The study by Imbimbo et al is well designed and was done with a low dropout rate. Unfortunately, the magnitude of the cognitive benefit was in the lower half of the range reported for other AChEIs and the number with the change normally considered clinically significant (≥4 ADAS-Cog points) is not reported. But eptastigmine joins rivastigmine in showing substantial benefit on ADL. The dose response effect and the consistency of modest improvements in cognition and daily functioning support the clinical relevance of the results. Although the cholinergic tolerability of eptastigmine was favourable, 4.5% of patients developed a mild transient neutropenia, which was dose dependent and included 1 case of severe neutropenia in the eptastigmine 20 mg group (3 times daily). It is surprising that patients with neutropenia continued in the trial and that there is no comment on incident infections. Another patient on eptastigmine, 20 mg (3 times daily), however, developed aplastic anaemia, a risk of 0.3% (95% CI 0.01% to 1.7%), whereas the risk in the general population is 2 per million per year. The risk on eptastigmine, similar to that of clozapine, will probably limit the use of the drug, certainly if there is no blood monitoring and with safer alternative drugs available. Patient or carer convenience was also less with thrice daily medication compared with rivastigmine's twice and donepezil's once daily regimens.

Severe dementia imposes a great challenge to carers. Functional and global clinical endpoints are more relevant here than cognitive ones. Memantine is an N-methyl-D-aspartate antagonist, which blocks the exitotoxic effects of excess glutamate release, considered central to memory and behavioural dysfunction and to the pathology of AD and vascular dementia.1 The results of the memantine study by Winblad and Poritis appear to be unbiased. The coincidence of treatment effects in independent nursing and medical assessments supports the validity and clinical significance of the results, but the design allowed no examination for dose response effect. The reported benefits and tolerability need to be established in a much longer duration trial, with health economic analysis. Adverse effects (not described) and serious adverse effects (mainly cardiac deaths) were equivalent in the 2 groups. Memantine seems useful not only in severe AD but also in vascular and mixed dementias, and in those without substantive behavioural problems (neuroleptics, hypnotics, and some antidepressants were excluded in trial patients), found in approximately 40% of patients with AD. Although glutamate antagonists may induce transient psychoses, memantine is thought not to do so.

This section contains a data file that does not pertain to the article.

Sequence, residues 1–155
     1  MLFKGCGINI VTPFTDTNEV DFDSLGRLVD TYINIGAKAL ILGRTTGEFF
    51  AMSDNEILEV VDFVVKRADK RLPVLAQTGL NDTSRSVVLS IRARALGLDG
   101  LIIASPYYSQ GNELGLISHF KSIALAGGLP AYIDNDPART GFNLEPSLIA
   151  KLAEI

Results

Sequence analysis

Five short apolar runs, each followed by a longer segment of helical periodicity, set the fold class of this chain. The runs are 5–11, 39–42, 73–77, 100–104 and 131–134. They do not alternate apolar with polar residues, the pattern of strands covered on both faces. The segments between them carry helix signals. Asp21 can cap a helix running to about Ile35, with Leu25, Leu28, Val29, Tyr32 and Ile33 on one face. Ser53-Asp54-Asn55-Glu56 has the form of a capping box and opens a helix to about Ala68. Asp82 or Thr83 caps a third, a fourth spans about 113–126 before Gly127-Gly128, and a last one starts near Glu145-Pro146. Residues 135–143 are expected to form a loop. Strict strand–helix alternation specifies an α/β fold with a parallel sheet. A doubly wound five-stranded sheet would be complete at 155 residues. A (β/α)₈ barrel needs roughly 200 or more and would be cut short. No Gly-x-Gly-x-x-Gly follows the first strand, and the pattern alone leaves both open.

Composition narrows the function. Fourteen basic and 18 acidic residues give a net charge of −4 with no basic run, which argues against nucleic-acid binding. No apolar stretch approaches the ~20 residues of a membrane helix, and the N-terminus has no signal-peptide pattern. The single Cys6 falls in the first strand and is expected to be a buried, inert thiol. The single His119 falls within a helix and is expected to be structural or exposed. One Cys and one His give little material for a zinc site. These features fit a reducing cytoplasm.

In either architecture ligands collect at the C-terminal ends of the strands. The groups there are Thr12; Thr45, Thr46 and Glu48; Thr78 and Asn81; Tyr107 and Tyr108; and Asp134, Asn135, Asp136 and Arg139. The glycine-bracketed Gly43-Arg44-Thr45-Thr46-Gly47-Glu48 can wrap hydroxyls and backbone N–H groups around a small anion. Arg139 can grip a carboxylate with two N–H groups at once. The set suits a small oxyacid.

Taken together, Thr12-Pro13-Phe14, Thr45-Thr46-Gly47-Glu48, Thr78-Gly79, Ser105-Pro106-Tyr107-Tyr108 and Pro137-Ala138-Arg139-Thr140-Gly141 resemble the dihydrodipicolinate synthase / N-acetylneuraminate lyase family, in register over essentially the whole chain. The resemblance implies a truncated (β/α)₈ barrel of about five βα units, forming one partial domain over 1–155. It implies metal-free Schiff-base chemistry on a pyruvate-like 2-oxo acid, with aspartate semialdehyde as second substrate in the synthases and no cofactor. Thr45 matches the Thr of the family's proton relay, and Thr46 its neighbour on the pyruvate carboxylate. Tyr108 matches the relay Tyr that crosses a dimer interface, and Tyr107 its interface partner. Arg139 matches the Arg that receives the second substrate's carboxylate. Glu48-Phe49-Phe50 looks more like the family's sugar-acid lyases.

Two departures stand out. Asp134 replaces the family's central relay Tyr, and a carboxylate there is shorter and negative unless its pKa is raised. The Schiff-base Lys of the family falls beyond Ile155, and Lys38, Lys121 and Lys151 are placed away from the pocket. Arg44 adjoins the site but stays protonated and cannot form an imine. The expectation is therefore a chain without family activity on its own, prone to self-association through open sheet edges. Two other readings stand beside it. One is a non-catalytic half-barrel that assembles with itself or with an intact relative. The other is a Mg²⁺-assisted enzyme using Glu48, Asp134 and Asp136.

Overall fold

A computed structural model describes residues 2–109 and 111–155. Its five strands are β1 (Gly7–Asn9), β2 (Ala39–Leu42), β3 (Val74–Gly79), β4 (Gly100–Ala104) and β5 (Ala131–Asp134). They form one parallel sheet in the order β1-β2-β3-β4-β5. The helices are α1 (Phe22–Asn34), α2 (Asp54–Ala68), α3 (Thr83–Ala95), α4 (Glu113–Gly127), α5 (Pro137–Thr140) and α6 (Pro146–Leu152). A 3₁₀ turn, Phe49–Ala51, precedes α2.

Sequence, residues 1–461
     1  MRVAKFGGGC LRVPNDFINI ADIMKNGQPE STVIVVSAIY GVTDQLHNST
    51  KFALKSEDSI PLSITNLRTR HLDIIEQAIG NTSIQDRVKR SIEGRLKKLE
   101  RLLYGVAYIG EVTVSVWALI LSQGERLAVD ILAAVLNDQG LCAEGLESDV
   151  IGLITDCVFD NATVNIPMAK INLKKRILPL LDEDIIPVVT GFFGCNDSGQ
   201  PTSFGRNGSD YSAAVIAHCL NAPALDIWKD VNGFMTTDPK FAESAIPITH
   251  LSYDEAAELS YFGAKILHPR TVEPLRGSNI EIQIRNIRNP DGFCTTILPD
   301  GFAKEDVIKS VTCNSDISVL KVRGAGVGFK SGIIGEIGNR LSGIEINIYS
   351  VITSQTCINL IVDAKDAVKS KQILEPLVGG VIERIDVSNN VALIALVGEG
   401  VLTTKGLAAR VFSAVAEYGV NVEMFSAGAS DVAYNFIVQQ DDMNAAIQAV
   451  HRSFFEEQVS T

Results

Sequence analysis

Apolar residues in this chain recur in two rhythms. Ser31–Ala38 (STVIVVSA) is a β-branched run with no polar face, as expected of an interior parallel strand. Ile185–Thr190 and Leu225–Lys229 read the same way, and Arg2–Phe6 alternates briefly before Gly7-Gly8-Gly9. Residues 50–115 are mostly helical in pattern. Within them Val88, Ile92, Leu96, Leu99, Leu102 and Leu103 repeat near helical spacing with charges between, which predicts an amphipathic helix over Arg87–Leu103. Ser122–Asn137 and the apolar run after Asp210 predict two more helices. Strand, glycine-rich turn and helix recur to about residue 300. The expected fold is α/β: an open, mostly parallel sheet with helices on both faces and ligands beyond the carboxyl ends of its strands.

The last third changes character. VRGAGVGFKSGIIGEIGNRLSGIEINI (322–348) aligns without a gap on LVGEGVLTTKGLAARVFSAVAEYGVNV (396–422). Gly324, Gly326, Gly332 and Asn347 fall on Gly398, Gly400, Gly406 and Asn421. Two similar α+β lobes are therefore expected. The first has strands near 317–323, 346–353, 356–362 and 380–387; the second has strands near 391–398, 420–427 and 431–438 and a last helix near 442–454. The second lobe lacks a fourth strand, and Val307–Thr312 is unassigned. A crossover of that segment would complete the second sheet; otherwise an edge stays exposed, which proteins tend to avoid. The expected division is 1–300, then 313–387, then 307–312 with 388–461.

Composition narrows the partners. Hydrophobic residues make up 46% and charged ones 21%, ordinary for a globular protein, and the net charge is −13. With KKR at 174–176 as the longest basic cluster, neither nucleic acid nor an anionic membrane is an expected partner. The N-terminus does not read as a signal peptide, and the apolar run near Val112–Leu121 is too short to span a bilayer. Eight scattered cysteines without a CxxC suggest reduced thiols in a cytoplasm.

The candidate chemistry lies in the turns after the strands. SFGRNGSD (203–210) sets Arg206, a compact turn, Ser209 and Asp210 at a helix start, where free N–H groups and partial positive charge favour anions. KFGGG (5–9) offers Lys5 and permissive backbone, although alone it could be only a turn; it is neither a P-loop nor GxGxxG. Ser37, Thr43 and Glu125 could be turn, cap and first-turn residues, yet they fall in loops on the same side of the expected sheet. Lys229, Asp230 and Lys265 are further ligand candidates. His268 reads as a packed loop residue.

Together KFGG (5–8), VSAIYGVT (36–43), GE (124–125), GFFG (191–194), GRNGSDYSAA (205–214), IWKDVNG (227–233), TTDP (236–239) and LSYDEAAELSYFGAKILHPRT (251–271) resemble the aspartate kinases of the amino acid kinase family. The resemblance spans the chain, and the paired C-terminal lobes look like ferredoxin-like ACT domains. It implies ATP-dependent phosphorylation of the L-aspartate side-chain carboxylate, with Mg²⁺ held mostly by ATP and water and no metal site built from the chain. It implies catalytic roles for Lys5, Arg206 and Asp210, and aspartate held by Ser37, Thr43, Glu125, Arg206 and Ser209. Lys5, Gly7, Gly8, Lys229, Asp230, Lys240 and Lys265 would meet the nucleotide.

These 2 contrasting pharmacological approaches to AD, here studied at different levels of severity, leave key issues unanswered: who benefits? Is response genotype specific? How substainable and valuable is a 2 point drop in carer dependence (memantine) in progressive dementia? Are there longer term side effects? Are skills regainable without rehabilitation? And how do the modest gains translate into quality adjusted life years and reduce burden of care and costs? In the future, non-cognitive symptoms should be assessed because they increase disease progression and disability, predict high family burden and costs, and are the primary cause of institutionalisation.1 Memantine's possible advantage of neuroprotection suggests that treatment combinations with AChEIs might enhance the benefits of only 1 approach.



  • Source of funding: not stated.

  • For correspondence: Dr B Winblad, Karolinska Institutet, Department of Clinical Neuroscience and Family Medicine, Division of Geriatric Medicine, B 84, Huddinge University Hospital, 14186 Huddinge, Sweden. Fax +46 8 5858 5470.